Three Ways to Deal With Catholics Who Are Downright Mean
In an ideal world, our brothers and sisters in Christ are loving, supportive and their conversations center only around positive talk, laced with references to the Saints. When we speak to them, we leave feeling refreshed and ready to rush home to throw ourselves on our knees and worship God. When we need prayer, we can call them and they will readily set aside whatever task they are involved in at the moment and say a couple of Hail Mary’s and Glory Be’s.
I don’t think I am putting myself out on a limb if I venture to say that these types of Catholics live and thrive in a world that has two moons.
Okay, so it’s not that bad, but it’s not that good either. What we do have are fallible, broken people who are doing their best to worship God in spite of flaws. But some of us are mean.
There. I said it.
Some of us are perfect angels when we kneel in front of the sacrament, but outside of the church edifice , we are downright mean. We all have some cruelty in our beings, but there are some who are pure sadists and derive great pleasure in saying harsh or catty words and then watching the reaction of the victim.
So how does one deal with constant mean attacks from other Catholics? As the old saying goes, “We can’t change others; We can only change ourselves.
Here are three ways to deal with other Catholics who aim to hurt us.
(Disclaimer: I am not advocating that anyone be a doormat. Sometimes it is better to pray for someone at a distance. However, if one MUST deal with a difficult person on a regular basis, here is how to make it easier.)
Go out of your way to do something nice for the person.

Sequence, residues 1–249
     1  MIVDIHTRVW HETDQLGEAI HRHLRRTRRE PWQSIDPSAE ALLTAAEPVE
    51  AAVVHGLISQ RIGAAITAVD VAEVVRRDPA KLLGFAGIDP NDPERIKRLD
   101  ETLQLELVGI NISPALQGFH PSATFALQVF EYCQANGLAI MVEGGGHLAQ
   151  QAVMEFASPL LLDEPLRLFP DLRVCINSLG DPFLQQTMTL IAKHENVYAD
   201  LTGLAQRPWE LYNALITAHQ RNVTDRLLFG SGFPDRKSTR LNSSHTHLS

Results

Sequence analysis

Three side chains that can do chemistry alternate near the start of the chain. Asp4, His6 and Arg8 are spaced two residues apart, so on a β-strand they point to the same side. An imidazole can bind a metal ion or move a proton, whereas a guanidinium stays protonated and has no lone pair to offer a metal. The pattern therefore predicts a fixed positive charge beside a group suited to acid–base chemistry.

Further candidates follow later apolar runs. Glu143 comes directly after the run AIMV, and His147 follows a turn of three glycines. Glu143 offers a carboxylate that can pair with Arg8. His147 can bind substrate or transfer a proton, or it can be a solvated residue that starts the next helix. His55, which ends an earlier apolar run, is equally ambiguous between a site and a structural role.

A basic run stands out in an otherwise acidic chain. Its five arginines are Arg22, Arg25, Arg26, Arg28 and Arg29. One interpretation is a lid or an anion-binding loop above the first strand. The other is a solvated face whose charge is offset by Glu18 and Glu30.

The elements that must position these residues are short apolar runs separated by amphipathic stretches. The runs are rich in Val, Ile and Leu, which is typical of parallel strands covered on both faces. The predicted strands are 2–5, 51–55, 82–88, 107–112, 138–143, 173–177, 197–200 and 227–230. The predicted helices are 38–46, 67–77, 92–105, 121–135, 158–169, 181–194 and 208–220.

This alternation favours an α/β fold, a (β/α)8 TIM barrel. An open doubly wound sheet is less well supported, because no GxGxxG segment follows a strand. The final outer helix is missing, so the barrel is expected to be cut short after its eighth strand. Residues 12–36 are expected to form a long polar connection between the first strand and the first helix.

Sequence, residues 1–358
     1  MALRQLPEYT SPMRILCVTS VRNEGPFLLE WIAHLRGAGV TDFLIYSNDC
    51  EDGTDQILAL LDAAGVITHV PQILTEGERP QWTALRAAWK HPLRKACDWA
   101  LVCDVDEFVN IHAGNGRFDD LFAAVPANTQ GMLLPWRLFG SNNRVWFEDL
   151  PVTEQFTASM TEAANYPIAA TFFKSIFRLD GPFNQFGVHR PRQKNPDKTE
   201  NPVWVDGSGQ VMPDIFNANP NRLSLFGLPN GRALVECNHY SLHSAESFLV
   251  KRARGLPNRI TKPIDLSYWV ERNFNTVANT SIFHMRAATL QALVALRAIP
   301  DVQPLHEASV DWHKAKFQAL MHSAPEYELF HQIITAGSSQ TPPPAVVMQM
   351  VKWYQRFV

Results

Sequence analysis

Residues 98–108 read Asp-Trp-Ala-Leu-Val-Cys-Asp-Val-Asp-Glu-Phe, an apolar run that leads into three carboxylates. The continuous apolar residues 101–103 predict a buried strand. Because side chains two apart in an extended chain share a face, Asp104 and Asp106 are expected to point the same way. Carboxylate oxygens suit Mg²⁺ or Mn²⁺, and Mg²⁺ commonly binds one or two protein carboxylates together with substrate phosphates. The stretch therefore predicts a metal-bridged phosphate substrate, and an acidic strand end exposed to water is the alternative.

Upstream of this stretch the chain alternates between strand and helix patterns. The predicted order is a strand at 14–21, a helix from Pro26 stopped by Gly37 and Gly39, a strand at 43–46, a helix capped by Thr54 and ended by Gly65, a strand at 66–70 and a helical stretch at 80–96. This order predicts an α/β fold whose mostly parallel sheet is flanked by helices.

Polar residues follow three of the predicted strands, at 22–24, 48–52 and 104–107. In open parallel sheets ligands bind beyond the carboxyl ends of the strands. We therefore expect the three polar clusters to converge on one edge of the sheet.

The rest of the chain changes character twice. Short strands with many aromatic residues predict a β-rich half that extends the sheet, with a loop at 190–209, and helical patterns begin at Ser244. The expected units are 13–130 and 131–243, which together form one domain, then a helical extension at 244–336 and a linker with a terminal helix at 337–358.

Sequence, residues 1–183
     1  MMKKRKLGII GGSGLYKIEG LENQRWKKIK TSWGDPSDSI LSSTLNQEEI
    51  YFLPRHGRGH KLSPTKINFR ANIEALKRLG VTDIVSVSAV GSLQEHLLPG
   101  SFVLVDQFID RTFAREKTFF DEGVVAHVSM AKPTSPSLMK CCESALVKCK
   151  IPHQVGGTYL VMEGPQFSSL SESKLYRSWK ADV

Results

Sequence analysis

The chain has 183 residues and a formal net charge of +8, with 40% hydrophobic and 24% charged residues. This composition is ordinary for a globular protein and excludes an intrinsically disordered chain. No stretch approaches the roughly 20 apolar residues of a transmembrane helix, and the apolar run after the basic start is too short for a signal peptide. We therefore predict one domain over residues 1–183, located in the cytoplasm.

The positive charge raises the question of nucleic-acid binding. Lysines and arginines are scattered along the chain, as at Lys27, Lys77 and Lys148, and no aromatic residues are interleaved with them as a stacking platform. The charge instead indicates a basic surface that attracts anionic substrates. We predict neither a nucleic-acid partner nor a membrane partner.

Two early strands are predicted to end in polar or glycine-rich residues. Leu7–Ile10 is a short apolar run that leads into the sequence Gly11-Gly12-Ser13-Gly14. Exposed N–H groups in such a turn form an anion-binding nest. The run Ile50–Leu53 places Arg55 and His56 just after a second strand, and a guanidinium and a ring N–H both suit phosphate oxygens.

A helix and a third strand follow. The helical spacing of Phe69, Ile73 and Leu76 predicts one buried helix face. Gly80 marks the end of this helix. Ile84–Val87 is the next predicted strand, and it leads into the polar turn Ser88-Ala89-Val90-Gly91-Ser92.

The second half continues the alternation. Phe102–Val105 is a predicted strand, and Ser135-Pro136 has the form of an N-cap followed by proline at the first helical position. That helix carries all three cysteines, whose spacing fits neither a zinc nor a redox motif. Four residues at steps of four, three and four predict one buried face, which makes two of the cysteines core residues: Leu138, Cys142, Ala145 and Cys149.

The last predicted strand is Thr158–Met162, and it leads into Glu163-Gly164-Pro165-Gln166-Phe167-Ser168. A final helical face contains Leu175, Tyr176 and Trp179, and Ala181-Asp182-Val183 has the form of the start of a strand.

Often treating someone better than they treat you can cause them to realize how they have been treating you. Wouldn’t it be nice if that is the usual end result. Sometimes you can treat a person nicely and they develop even greater disdain for you and treat you worse. However, loving someone as God loves us, despite their faults works wonders in us.
We are blessed whenever we do good works that we do not want to do. By denying ourselves and crucifying our pride, we heap blessings upon our heads. Proverbs 3:34 reveals to us that “He shall scorn the sinners, but to the meek he will give grace”.
Pray a Novena for that person without them knowing it.
Resist the urge to piously say, “I’ll pray for you”. This is between you and God.
Through praying for the person, your feelings will automatically become less malevolent and more benevolent towards him or her. You will become more compassionate for that person and maybe begin to see him or her with spiritual eyes.
Offer up the hurt and insults you receive in union with Christ’s suffering on the cross
Christ suffered for us and if Christ suffered, who are we to not suffer in this life? Suffering is a tool that god uses to purify us. Jesus himself did not lack humiliation and insults pure cruelty. The Gospels tell us that some of the people said about Jesus “He has a demon”. Imagine an omnipotent God accused of being possessed by an inferior being — a creation!
My spiritual director once told me that anytime I am in situation where I feel slighted or rejected, look it as our Lord drawing me to be ever closer to him. He is extending his hand to us and saying, “Come a little closer my child. Let me hold you. I know just how you feel. I will be your mother, father, sister, brother, friend.
We should therefore welcome these opportunities to grow in sanctity. It is a challenge surely, especially for someone like me, who in my flesh, is quick to “put someone in his place”, but God has been dealing with me. God will give us the grace to deal with these difficult personalities, if we let him.